|Sheep: (Ovis aries) There are a number of different theories regarding the origins of domestic sheep. However, most sources agree that they originated from Mouflon (middle photo). There are two wild populations of Mouflons still in existence: the Asiatic Mouflon which is still found in the mountains of Asia Minor and Southern Iran and the European Mouflon which is found in Sardinia and Corsica. These two species are closely related with the only difference being the redder coloration and different horn configuration of the Asiatic Mouflon.||For information about modern breeds of sheep and goats available in Canada, please contact our office or check out our "links" page.|
|Some sources even hypothesize that the European Mouflon actually developed from the first domestic sheep in Europe being allowed to become feral and that all sheep are actually descendants of the Asiatic Mouflon. Sheep were among the first animals domesticated. An archeological site in Iran produced a statuette of a wooled sheep which suggests that selection for woolly sheep had begun to occur over 6000 years ago. The common features of today's sheep were already appearing in Mesopotamian and Babylonian art and books by 3000 B.C. Selection for wool type, flocking instinct and other economically important traits over the centuries has resulted in more than 200 distinct breeds of sheep occurring worldwide. Modern breeding schemes have also resulted in an increasing number of composite or synthetic breeds which are the result of a crossing or two or more established breeds. The Mouflon (Ovis musimon) is thought to be one of the two ancestors for all modern sheep breeds. It is red-brown with a dark back-stripe, light coloured saddle patch and underparts. The males are horned and the females either horned or polled. They now rare but have been successfully introduced into Central Europe, including Germany, Austria, Czech Repulic, Slovak Republics and Romania.|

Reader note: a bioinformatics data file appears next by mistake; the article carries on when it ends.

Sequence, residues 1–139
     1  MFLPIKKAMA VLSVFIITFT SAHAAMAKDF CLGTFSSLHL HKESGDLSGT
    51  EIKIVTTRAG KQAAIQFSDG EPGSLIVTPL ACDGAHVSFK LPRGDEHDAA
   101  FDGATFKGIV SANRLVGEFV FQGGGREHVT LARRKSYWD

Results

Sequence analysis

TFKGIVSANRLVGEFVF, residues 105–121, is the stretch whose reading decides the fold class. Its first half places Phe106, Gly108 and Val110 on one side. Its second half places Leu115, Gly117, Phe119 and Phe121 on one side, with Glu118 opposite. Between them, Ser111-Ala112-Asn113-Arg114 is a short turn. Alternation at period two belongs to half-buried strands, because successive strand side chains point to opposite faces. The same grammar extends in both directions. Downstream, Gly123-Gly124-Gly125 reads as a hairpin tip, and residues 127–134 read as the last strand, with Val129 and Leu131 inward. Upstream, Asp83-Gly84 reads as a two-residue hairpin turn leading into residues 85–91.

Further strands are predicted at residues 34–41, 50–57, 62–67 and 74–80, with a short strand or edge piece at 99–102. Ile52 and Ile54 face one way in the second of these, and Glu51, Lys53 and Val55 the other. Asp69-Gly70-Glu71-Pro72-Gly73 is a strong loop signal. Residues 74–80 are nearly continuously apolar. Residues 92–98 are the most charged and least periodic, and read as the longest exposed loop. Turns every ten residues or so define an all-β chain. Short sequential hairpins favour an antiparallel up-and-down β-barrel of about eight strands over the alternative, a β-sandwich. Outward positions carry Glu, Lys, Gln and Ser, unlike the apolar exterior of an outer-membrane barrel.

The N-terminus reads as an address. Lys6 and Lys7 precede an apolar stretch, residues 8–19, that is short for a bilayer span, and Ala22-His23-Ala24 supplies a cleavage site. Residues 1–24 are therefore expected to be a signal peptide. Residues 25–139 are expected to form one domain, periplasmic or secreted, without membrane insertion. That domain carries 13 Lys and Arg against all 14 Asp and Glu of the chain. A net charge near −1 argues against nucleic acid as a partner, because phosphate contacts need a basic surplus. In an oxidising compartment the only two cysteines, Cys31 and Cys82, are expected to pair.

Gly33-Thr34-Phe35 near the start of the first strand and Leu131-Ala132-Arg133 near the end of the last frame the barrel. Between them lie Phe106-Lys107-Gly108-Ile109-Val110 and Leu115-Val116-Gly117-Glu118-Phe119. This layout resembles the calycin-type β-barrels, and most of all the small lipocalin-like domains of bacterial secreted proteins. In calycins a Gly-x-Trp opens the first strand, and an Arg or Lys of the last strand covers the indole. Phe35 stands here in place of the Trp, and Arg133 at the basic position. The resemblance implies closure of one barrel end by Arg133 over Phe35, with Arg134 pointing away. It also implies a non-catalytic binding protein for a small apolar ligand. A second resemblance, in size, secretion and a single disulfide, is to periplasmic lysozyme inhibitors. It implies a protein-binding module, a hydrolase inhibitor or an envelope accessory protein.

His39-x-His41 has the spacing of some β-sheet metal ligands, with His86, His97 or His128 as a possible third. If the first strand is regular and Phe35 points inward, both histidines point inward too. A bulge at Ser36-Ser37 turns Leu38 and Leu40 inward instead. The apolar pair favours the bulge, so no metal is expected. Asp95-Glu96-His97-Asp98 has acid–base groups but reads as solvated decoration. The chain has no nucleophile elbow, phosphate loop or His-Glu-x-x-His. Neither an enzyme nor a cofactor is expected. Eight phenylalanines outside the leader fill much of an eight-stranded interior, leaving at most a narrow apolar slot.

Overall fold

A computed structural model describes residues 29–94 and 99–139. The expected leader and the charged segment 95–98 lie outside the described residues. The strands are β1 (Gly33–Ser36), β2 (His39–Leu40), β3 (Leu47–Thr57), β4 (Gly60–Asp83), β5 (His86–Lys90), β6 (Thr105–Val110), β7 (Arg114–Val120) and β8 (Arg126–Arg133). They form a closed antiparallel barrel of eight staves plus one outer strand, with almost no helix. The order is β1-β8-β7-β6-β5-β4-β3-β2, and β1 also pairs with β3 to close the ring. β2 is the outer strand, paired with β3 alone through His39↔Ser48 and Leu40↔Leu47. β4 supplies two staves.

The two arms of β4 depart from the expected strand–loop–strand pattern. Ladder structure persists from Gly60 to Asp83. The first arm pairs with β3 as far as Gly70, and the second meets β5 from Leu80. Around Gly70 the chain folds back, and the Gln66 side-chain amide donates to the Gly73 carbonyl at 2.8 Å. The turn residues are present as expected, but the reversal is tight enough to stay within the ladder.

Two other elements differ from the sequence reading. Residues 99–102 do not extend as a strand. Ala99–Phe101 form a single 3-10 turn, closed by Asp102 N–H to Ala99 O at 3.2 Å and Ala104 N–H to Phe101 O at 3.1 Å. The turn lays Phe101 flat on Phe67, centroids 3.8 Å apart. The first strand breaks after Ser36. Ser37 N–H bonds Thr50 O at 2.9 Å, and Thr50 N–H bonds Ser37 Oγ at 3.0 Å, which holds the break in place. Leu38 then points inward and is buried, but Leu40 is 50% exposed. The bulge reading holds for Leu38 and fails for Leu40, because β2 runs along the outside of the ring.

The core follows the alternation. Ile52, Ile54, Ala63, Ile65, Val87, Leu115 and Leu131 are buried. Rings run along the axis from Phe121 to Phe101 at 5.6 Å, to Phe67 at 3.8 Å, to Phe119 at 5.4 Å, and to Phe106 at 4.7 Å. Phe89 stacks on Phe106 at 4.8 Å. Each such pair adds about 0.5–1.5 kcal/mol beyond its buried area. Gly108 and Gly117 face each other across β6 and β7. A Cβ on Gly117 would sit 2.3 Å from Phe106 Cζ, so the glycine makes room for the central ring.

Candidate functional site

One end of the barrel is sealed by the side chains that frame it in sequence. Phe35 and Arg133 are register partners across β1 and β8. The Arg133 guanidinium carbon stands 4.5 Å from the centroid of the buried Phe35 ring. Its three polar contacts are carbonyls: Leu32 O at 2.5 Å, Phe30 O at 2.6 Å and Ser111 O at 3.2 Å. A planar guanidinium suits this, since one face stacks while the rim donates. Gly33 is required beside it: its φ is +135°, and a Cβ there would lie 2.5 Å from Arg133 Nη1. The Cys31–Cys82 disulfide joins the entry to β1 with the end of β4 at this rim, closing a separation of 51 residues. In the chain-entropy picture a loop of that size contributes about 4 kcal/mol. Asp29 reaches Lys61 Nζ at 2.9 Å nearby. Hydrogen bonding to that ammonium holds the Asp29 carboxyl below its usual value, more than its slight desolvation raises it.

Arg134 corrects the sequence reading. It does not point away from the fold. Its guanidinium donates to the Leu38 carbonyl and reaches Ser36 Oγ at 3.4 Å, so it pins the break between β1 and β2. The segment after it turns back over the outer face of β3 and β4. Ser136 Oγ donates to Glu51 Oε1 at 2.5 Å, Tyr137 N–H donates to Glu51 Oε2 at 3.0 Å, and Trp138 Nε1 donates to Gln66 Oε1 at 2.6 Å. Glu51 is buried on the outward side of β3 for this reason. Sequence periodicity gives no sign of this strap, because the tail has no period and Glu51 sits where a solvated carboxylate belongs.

Goats: (Capra hircus) The goat, along with sheep, were among the earliest domesticated animals. Goat remains have been found at archaeological sites in Western Asia, such as Jericho, Choga, Mami, Djeitun and Cayonu, which allows domestication of the goats to be dated at between 6000 and 7000 B.C. However, unlike sheep, their ancestry is fairly clear. The major contributor of modern goats is the Bezoar goat which is distributed from the mountains of Asia Minor across the Middle East to Sind. Unlike sheep, goats easily revert to feral or wild condition given a chance. In fact, the only domestic species which will return to a wild state as rapidly as a goat is the domestic cat. The goat is managed for the production of milk, meat and wool, particularly in arid, semitroical or mountainous countries. There are more than 460 million goats worldwide presently producing more than 4.5 million tons of milk and 1.2 million tons of meat besides mohair, cashmere, leather and dung; more people consume milk and milk products from goats worldwide than from any other animal. Cheese production, e.g., from goat milk even in France, Greece, Norway and Italy is of economic importance. Goat milk is more easily digested than cow's milk and is valued for the elderly, sick, babies, children with cow's milk allergies, patients with ulcers and even preferred for raising orphan foals or puppies. Breeds of goats vary from as little as 20lb mature females up to 250lb. Goats can be genetically horned or polled, they can be short haired, long haired, curly hair, silky or coarse wool. Goats come in almost any colour, solid black, white, red, brown, spotted, two or three colours, blended shades, distinct facial stripes, black and white saddles, all depending on the breeding.